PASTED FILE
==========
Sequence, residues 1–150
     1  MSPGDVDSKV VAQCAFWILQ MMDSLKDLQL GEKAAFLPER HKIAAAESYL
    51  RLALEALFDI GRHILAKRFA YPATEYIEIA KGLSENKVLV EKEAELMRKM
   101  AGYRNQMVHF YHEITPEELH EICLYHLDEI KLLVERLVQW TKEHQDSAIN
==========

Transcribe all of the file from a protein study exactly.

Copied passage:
Sequence, residues 1–150
     1  MSPGDVDSKV VAQCAFWILQ MMDSLKDLQL GEKAAFLPER HKIAAAESYL
    51  RLALEALFDI GRHILAKRFA YPATEYIEIA KGLSENKVLV EKEAELMRKM
   101  AGYRNQMVHF YHEITPEELH EICLYHLDEI KLLVERLVQW TKEHQDSAIN